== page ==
Reliance Entertainment Digital's Manish Agarwal on how to build the next Angry Birds from India

18 Sep, 2013

While a lot of people ask me why haven't we seen a successful gaming company like Zynga or Rovio being built out of India, the thing is that games ultimately is a content business, so you can never be sure that you have made the next Angry Birds, you always wish and hope to do that, but it is also luck. There are a lot of elements that go into making a game and a proper symphony of all these elements is what makes an Angry Birds or a Temple Run.

These elements include the game mechanics, art and graphics, mobile engineering, game monetisation, production, customer acquisition, data scientists and art director. The more number of pieces fall in place, the more the probability of the game succeeding. Product management also plays a very important role since unlike the console games where it is a box product that you finish and ship, today games is a service that continues over a period of six to 18 months.

Now lets have a look at what are the elements that India already has and what is missing.

What India has

Does India have rich story telling art, the answer is yes.

Product management is abundant.

While engineering capability is also there, the fundamental difference is that very few companies have product oriented engineering capabilities, instead they have a service orientation. However, since the raw material is available, with some effort the thinking can be moulded from client servicing to product ownership.

From a customer acquisition standpoint we have enough marketing talent.

What the country does not have is a game designer who can do the game mechanics (primarily because of the lack of exposure). The primary reason for this is that while the richer classes have played the Xbox and the PS3's, the average engineer / designer that come out of colleges have not played as many games.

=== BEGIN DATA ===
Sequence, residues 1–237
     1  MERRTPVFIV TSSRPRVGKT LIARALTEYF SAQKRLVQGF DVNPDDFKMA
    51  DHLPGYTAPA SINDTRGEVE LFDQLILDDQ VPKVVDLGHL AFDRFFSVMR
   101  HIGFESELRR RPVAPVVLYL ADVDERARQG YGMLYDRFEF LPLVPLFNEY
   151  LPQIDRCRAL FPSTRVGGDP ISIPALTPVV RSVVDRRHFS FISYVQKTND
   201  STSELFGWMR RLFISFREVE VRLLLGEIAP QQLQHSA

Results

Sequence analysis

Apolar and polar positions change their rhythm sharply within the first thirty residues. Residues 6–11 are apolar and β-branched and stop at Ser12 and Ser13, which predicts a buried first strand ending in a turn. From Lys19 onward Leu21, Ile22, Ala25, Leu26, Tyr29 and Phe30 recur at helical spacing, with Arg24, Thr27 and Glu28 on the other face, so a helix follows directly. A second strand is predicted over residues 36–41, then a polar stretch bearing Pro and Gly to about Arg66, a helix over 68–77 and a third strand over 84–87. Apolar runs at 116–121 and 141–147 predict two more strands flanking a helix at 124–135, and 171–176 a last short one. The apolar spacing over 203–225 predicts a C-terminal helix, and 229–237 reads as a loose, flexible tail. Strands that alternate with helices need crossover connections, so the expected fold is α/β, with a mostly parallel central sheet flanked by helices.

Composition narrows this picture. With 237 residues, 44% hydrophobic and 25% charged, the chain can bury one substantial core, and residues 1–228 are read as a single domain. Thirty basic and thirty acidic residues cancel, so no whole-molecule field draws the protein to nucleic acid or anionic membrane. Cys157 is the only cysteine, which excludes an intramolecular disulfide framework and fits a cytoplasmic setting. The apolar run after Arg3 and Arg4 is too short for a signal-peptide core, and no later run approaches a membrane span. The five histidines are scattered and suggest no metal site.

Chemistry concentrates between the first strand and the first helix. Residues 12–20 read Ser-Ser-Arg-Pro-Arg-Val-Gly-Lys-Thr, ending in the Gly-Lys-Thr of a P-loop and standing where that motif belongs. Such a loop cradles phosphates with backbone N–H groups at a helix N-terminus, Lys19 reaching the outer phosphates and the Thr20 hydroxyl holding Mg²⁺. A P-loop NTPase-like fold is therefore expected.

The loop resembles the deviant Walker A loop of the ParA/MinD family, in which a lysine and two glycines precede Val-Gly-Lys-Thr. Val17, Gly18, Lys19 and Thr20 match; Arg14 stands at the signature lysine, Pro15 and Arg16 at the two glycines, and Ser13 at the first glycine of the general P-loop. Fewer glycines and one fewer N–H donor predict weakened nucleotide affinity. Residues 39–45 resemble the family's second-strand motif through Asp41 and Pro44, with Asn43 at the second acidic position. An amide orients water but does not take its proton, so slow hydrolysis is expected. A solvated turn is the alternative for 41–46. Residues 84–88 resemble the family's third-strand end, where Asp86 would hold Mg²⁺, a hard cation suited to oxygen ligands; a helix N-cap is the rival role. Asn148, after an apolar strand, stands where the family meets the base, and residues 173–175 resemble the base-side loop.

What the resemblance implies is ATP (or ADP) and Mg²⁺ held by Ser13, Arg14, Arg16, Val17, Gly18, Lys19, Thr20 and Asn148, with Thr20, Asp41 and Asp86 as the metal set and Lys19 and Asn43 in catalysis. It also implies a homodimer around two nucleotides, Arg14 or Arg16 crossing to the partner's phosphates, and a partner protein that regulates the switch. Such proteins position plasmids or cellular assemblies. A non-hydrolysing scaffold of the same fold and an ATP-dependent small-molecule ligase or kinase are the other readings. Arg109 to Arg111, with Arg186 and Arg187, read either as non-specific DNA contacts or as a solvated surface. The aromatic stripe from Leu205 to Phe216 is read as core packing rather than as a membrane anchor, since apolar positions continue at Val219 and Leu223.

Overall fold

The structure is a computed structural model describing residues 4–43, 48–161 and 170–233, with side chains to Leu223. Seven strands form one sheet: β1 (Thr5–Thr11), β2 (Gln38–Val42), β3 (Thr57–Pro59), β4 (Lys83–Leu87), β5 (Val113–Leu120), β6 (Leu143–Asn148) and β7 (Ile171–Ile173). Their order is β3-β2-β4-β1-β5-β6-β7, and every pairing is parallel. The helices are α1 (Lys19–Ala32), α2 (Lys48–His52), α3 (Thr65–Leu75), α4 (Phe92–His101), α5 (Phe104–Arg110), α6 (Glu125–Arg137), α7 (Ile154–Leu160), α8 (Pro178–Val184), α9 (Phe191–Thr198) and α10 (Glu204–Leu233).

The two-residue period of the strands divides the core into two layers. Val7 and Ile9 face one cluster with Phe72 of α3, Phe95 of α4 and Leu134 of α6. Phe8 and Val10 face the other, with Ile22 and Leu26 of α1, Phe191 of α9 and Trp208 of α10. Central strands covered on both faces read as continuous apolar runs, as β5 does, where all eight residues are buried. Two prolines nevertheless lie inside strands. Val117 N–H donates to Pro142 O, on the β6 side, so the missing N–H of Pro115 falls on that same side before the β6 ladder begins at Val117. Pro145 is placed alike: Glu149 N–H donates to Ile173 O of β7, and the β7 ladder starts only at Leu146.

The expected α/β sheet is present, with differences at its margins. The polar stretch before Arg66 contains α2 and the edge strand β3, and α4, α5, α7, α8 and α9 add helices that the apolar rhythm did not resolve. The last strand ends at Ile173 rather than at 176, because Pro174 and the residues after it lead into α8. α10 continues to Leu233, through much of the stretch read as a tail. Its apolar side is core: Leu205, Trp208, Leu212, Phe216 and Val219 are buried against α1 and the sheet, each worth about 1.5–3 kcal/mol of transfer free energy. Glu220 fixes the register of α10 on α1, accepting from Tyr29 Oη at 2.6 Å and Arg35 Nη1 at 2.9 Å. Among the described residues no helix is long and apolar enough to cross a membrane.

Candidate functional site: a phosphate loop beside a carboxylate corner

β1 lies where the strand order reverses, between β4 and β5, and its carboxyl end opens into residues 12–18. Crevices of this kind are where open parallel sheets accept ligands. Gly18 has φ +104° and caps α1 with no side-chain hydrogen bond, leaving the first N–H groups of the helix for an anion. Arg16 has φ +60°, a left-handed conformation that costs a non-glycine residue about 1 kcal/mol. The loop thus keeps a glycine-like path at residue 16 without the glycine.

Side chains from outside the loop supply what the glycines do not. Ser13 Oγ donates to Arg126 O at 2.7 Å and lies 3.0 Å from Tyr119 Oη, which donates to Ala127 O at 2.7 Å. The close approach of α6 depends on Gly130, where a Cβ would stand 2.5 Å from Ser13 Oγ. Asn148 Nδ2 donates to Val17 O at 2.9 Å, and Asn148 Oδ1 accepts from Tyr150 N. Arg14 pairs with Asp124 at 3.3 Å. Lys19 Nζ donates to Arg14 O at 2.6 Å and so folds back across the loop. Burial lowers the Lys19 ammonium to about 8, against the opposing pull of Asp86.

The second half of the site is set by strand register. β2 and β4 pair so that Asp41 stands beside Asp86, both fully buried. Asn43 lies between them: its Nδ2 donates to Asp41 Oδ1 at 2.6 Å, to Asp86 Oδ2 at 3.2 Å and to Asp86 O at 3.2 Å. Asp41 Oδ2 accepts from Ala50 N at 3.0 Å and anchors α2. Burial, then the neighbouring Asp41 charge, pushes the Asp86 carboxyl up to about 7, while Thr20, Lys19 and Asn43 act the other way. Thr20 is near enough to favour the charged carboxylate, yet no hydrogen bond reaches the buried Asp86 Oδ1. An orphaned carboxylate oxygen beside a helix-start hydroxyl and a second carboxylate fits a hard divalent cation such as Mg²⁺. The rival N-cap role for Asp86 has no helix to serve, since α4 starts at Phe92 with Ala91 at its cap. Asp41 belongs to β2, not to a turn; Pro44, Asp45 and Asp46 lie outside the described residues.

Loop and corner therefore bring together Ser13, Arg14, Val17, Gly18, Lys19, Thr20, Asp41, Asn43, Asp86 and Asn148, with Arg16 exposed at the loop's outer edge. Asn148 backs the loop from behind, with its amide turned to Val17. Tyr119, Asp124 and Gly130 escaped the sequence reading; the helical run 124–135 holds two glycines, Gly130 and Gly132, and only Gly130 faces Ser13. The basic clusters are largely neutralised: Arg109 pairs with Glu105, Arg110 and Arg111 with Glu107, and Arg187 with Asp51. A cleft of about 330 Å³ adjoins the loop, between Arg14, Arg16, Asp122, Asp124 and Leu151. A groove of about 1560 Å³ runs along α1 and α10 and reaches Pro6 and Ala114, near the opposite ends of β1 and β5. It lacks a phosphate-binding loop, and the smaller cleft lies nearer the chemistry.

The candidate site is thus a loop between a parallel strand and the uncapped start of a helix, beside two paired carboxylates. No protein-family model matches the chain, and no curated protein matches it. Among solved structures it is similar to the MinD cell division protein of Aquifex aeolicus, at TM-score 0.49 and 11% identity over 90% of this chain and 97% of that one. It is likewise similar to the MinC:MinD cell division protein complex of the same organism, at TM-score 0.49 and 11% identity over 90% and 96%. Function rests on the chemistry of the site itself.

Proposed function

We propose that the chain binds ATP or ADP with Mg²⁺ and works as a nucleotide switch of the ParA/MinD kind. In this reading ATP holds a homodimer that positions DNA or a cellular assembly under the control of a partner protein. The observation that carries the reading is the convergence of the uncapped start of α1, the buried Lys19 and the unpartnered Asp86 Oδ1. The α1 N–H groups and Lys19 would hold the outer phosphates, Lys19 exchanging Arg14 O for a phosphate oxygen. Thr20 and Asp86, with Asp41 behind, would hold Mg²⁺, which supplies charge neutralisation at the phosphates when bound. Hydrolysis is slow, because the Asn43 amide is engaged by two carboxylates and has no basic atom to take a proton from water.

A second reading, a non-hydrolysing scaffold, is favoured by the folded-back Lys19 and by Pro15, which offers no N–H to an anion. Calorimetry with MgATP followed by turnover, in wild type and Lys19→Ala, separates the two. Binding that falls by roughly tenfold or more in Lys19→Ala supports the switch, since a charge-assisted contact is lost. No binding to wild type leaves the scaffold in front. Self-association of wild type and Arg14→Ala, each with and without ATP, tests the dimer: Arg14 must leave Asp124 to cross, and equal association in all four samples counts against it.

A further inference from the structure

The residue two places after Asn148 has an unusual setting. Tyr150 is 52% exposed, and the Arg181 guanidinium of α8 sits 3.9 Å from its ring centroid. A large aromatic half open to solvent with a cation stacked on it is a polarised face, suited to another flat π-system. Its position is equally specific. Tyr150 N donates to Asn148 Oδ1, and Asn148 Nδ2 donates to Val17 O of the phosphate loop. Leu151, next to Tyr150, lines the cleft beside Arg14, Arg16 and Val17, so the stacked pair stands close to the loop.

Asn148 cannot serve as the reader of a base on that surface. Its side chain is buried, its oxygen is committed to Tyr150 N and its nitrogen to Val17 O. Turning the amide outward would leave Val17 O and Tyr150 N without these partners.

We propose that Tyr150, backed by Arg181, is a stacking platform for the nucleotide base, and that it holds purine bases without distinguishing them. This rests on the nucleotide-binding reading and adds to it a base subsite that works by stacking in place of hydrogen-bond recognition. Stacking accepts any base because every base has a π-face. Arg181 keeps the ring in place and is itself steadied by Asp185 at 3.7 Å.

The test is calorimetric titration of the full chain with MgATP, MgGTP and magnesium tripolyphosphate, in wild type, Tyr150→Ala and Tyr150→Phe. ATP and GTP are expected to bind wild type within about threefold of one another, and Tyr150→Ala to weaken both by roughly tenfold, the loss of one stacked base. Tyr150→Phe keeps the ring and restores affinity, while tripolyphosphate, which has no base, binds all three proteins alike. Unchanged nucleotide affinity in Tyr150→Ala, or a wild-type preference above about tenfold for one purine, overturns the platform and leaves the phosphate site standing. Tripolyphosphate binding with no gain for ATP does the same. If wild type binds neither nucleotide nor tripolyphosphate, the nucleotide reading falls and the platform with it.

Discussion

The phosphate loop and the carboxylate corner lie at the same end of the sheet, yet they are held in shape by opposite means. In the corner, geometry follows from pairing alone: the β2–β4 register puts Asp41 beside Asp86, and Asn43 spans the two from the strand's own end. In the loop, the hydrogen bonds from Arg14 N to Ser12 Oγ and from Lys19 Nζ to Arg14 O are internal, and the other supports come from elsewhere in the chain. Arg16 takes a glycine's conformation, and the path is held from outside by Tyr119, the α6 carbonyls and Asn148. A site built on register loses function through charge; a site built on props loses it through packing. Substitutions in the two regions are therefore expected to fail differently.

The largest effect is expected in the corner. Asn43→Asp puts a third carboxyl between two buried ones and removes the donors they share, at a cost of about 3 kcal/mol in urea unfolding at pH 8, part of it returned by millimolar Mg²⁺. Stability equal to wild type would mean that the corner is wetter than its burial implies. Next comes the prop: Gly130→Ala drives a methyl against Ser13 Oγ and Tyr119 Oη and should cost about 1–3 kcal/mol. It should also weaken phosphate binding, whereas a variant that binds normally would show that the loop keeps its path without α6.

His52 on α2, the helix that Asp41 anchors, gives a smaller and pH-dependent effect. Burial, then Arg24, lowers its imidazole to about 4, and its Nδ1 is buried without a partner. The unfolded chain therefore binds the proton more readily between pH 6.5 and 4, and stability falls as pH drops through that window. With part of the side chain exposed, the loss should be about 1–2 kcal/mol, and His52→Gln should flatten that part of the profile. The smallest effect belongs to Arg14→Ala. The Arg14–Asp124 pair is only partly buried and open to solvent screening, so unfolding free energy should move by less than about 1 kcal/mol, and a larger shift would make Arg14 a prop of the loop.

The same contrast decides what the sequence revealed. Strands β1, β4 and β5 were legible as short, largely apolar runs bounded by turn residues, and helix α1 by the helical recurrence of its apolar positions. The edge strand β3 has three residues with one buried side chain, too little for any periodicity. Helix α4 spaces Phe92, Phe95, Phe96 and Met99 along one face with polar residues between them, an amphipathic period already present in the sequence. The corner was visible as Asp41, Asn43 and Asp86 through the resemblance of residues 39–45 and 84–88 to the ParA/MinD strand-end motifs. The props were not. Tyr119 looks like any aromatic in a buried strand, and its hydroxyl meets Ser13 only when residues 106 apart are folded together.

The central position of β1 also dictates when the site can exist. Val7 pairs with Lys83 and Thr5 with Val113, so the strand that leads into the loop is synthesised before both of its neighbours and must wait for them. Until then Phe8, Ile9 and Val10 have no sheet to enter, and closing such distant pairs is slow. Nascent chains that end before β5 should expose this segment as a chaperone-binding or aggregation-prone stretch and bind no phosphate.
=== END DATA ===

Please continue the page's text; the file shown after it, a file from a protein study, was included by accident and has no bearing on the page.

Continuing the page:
What it doesn't have

A good producer is missing.

The understanding of game monetisation (since the world is moving from paid to freemium games) is also completely missing in India. This includes understanding about what should the game be priced at, what should the in-game purchases cost, etc.

While art and aesthetics can be done nicely if you have the budget, it is not abundantly available. Only few people have the skills to do it properly in the country.

Hence, if an Indian game developing company can in-source the following four elements- a game mechanics designer, a producer, an economics designer and art and aesthetics to supplement the existing team (or out-source this work), then the end-result of the combination can definitely be the next Angry Birds.

Another aspect to keep in mind is that the domestic gaming market in India is very small. Due to this fundamentally two problems arise:

1. Game developers also come from consumers, and if they were gamers themselves growing up, they become passionate developers and also have a better understanding of gaming on the whole. But this is missing in India. The positive side is that while on a scale of 1 to 10 the quality is 2 today, it will change dramatically 7-10 years down the line. This is because the current generation of school students are highly exposed to games and when they eventually become developers, the quality will increase a lot.

2. Since the domestic market is not big, the risk is higher for developers because they are always playing in the global arena. If that doesn't work out you cannot really fall back on the domestic market. Also, to play in the big boys league you have to invest a lot as well. Understand that for every Rovio, there are thousands of developers who don't make it. But if the developers know that some of my investment will get recovered in domestic markets, they can still keep developing games.

To put it in a nutshell, in-sourcing talent, increased passion for gaming, and domestic market growth combined will result in the next Rovio or Zynga coming from India. And while I cant put an exact time frame for the same, it will definitely happen.

(As told to Techcircle.in's Anand Rai by Manish Agarwal, CEO, Reliance Entertainment Digital)